It is important to remember that granulomas in cases of usual interstitial pneumonia may be related to superimposed infection or aspiration of gastric contents (food/pill fragments). Therefore, finding granulomas in usual interstitial pneumonia does not necessarily imply a diagnosis of chronic hypersensitivity pneumonitis.
Another entity that can be difficult or impossible to separate from hypersensitivity pneumonitis is nonspecific interstitial pneumonia. The two conditions share the presence of a chronic interstitial pneumonia composed primarily of lymphocytes. Therefore, pathologists encountering biopsy samples reminiscent of nonspecific interstitial pneumonia should search carefully for multinucleated giant cells or tiny loose granulomas in the interstitium. Cases without these findings may still represent a forme fruste of hypersensitivity pneumonitis. 
Therefore, from the clinical standpoint, a pathologic diagnosis of nonspecific interstitial pneumonia or a descriptive diagnosis of "cellular chronic interstitial pneumonia" should always prompt a thorough search for a potential source of antigen exposure. A diagnosis of idiopathic nonspecific interstitial pneumonia should be made only after a meticulous clinical search for antigen exposures, underlying collagen vascular diseases, and drug toxicities.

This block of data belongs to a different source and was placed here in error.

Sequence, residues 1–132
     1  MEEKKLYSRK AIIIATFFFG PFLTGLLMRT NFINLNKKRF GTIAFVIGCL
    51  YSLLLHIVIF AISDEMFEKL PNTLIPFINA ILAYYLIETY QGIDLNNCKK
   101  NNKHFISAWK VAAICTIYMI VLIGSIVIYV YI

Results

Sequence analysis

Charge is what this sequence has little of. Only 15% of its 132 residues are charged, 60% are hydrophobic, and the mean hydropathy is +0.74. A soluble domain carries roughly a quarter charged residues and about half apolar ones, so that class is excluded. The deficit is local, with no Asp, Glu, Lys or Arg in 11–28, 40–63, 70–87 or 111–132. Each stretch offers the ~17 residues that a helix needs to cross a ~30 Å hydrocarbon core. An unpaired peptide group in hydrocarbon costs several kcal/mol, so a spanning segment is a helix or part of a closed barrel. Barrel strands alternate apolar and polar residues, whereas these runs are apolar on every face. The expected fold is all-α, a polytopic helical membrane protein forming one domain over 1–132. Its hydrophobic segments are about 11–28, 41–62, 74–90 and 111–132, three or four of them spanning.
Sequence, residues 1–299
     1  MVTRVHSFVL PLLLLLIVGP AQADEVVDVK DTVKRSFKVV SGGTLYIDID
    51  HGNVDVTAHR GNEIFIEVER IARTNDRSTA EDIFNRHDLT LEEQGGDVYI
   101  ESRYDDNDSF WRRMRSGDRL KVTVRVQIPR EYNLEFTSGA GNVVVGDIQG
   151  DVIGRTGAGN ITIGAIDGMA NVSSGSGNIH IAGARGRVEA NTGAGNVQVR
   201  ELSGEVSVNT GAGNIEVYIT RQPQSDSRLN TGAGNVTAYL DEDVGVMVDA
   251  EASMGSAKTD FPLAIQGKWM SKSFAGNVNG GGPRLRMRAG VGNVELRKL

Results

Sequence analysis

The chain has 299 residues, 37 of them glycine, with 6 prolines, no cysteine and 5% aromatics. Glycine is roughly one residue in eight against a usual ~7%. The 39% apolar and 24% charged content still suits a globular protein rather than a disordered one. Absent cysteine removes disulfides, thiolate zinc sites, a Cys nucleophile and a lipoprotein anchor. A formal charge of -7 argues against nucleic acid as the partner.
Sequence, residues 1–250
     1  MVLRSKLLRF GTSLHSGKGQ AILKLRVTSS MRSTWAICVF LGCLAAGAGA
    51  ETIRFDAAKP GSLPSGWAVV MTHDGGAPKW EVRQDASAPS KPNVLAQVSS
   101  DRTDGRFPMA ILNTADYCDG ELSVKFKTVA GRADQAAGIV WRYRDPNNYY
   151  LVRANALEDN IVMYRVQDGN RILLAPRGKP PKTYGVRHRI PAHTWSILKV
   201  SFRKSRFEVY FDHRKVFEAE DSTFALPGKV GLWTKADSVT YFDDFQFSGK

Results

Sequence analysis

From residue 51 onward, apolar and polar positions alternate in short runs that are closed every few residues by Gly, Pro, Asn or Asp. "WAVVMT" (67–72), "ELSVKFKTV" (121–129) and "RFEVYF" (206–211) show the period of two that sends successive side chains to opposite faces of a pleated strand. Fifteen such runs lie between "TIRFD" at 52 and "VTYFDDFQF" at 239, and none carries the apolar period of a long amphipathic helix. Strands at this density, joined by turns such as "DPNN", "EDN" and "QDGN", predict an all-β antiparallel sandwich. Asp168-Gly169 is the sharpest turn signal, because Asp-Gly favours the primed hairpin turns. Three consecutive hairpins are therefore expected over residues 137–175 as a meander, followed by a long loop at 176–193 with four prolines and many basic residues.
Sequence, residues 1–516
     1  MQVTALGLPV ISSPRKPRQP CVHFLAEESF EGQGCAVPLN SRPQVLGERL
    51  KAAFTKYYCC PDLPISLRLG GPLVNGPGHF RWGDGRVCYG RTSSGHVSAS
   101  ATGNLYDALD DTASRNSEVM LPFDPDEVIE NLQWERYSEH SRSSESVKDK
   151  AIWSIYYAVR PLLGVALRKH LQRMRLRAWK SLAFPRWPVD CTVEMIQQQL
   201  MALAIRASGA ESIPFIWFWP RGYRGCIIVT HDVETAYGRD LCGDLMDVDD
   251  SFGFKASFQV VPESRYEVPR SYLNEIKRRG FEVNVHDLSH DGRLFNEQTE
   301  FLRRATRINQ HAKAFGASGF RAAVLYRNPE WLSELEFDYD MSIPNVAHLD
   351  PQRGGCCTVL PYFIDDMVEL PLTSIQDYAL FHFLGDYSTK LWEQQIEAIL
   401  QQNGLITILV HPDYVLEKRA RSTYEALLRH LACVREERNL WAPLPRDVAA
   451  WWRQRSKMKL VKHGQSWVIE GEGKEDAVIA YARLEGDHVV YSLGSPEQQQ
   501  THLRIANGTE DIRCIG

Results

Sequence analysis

The differential diagnoses of hot tub lung include hypersensitivity pneumonitis due to other causes and nontuberculous mycobacterial infection unrelated to hot tubs. 
Pathologically, the features common to hot tub lung and hypersensitivity pneumonitis include interstitial inflammation, granulomas, and foci of organizing pneumonia. The distinction between the two entities lies in the relative prominence of interstitial inflammation and granulomas, the morphologic characteristics of the granulomas, and a history of hot tub use.